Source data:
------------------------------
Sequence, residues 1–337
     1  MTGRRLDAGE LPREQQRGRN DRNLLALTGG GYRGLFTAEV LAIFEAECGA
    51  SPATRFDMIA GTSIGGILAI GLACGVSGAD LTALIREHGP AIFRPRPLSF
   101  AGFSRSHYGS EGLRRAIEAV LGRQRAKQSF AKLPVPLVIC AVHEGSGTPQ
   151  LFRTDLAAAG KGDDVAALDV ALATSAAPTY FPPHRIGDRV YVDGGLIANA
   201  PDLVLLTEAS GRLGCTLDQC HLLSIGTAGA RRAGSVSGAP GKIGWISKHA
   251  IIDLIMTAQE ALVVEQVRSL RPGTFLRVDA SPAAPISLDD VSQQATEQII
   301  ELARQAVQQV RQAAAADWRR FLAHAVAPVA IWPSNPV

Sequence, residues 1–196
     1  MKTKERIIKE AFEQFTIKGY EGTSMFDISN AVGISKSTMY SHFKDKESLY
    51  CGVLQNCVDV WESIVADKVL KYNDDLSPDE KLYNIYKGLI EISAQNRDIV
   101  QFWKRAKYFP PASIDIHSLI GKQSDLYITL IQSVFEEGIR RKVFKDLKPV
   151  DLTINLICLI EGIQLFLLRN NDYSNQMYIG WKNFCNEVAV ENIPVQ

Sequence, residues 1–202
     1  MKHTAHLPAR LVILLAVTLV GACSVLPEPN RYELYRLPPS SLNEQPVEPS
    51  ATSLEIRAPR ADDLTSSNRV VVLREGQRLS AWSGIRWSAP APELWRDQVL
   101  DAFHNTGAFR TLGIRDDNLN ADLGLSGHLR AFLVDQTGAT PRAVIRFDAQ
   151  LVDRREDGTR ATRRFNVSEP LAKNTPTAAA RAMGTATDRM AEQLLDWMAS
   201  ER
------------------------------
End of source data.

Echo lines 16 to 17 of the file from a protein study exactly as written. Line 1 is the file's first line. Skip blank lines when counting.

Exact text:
    51  ATSLEIRAPR ADDLTSSNRV VVLREGQRLS AWSGIRWSAP APELWRDQVL
   101  DAFHNTGAFR TLGIRDDNLN ADLGLSGHLR AFLVDQTGAT PRAVIRFDAQ